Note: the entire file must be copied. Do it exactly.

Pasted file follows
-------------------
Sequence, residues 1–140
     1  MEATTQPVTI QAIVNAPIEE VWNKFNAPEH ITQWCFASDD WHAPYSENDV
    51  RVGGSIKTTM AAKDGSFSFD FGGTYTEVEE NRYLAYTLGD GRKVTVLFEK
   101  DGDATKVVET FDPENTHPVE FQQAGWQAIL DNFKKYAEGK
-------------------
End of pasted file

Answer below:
Sequence, residues 1–140
     1  MEATTQPVTI QAIVNAPIEE VWNKFNAPEH ITQWCFASDD WHAPYSENDV
    51  RVGGSIKTTM AAKDGSFSFD FGGTYTEVEE NRYLAYTLGD GRKVTVLFEK
   101  DGDATKVVET FDPENTHPVE FQQAGWQAIL DNFKKYAEGK